Like Patrol charged a fee to notify users which posts their friends had "liked" and who they had recently followed.
The action comes a month after Instagram had tried to force the app to shut down after accusing it of scraping people's data without their consent.
Like Patrol's Mexico-based developer insists the app merely utilised public data.
And Sergio Luis Quintero told the BBC that he now plans to challenge Apple's ban.
"We plan to appeal this decision in the coming days," he said.
He added that he also intended to make Like Patrol's code open source so that others could reproduce its functionality.
The app's removal was first reported by Cnet.
Like Patrol was never offered on Google Play.
Until recently, Instagram offered its own more basic means to see what friends were up to on its platform.
But it removed the Following Tab in October after acknowledging some users had been "surprised" to learn their activities could be tracked via the facility.
Mr Quintero had described Like Patrol as being a version of the tab "on steroids".
The "insights" it offered included:
- a way to expose "lustful behaviour" by tracking all the "likes" a followed person had given to "models"
- a means to identify "flirtatious behaviour" by providing a list of whom their friends had interacted the most with via comments and "likes"
- a way to keep track of each target's own popularity by identifying which other users had "liked" their posts most frequently over recent days
The service had proved popular with some users.
"Great tool to keep track of my teenagers... without them thinking I'm being nosy," read one review on Apple's App Store.
But several technology blogs claimed it encouraged "creepy" behaviour.
"Apps such as Like Patrol represent just one of the ways that technology has helped people stalk others,"said security company Malwarebytes.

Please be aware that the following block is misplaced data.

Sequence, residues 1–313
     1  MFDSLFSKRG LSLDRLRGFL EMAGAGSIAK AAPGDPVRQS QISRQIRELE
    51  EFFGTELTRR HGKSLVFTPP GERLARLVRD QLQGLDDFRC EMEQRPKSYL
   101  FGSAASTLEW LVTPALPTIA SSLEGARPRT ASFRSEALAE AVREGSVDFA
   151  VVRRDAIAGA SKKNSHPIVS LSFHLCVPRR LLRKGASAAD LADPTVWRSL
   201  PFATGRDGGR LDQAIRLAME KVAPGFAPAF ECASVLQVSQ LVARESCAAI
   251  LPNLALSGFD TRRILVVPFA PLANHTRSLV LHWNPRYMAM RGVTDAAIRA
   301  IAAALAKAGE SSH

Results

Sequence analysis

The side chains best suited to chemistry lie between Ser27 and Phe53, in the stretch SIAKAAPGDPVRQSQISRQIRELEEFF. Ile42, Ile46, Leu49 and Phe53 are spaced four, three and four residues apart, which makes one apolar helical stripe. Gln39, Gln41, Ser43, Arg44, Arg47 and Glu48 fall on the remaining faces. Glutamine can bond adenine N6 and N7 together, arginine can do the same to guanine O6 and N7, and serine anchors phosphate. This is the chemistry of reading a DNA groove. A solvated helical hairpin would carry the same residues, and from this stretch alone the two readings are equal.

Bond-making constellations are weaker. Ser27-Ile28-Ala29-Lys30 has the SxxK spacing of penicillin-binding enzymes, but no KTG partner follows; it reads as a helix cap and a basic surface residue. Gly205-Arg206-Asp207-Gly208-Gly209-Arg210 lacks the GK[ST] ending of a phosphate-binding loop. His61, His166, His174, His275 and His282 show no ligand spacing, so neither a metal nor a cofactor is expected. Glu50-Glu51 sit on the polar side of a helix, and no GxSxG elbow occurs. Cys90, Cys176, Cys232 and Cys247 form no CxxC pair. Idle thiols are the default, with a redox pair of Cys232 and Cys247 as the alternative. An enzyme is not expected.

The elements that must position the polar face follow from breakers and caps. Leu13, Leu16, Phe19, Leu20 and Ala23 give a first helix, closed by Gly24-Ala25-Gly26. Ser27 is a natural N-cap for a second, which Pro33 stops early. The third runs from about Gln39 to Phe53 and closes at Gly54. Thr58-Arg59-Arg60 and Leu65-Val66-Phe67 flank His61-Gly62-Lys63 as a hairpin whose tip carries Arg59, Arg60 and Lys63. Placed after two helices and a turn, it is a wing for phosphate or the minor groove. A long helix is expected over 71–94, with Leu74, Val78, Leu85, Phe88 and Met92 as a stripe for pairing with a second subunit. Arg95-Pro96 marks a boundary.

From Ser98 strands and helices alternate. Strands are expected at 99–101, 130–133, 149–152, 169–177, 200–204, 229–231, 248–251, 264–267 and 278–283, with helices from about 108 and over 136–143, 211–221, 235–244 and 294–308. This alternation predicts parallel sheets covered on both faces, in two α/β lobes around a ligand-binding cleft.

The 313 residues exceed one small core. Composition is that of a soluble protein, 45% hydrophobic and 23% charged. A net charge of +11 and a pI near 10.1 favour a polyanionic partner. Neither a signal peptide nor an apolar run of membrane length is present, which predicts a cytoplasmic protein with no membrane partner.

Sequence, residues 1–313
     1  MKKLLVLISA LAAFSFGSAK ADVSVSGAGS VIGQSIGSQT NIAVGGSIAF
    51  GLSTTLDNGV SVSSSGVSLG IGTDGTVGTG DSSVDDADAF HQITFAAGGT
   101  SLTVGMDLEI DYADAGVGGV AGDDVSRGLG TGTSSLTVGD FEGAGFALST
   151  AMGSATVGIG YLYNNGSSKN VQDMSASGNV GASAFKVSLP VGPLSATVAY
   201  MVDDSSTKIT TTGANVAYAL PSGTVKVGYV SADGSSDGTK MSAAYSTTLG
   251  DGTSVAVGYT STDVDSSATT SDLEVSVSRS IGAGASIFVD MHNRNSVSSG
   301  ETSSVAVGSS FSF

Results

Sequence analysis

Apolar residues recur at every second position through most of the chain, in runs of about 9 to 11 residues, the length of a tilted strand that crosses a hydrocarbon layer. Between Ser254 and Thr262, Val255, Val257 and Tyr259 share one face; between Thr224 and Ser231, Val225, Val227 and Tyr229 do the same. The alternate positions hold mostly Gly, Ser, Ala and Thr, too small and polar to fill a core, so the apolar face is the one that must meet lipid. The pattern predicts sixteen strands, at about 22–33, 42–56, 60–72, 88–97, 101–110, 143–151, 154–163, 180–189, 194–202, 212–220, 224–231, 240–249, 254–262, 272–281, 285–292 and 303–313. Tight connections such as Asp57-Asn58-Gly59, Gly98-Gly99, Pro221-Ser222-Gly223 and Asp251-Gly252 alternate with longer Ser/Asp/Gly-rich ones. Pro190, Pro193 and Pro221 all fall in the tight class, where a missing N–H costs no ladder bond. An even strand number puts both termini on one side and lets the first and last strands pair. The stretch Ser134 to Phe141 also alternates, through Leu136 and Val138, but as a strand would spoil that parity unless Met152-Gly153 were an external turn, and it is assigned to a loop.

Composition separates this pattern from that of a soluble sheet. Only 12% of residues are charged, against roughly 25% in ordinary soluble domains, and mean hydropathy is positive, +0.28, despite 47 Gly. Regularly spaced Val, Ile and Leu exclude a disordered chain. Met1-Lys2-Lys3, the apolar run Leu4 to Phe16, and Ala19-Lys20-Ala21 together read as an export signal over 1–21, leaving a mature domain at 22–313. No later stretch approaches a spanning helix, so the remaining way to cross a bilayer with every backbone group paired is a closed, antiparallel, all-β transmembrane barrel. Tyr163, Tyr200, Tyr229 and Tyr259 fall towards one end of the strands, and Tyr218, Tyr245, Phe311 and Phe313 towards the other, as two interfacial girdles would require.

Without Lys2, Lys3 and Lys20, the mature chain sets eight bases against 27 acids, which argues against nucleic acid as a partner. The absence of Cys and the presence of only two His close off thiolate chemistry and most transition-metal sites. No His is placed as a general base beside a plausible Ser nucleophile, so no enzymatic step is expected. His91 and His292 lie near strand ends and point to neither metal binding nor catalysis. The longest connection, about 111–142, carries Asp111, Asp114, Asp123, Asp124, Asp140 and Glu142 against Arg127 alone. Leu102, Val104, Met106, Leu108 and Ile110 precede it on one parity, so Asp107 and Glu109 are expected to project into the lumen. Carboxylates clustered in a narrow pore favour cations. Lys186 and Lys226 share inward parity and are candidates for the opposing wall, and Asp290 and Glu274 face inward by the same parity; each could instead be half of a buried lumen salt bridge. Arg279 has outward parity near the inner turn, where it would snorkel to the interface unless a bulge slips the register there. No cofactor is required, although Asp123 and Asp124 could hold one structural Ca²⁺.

Instagram itself said the software had violated its policies.
"Like Patrol was scraping people's data, so we are taking appropriate enforcement action against them," a spokeswoman said last month.
But Mr Quintero said he did not accept the firm's criticism.
"There is a strong hypocrisy in Facebook's condemnation of our app," he told the BBC,
"Like Patrol does not collect data from Instagram users, it provides the users with a tool to rearrange information that is already available to them.
"Everything the user sees lives only in the user's device, we do not have a login, we do not centralise any information, if the user deletes the app every bit of data he was able to see in Like Patrol is deleted."
While Apple has blocked new users from downloading the app, it is not wiping it from iPhones it has already been loaded on to. So, in theory, Like Patrol could continue serving its existing members.
But some are hoping it will now be abandoned.
"This app may well be gone but there are undoubtedly many more still out there," said Lisa Forte, founder of Red Goat Cyber Security.
"Our data and privacy is valuable. Apps like this one can be hugely intrusive.
"Be very cautious with what apps you decide to download and always keep your phone updated."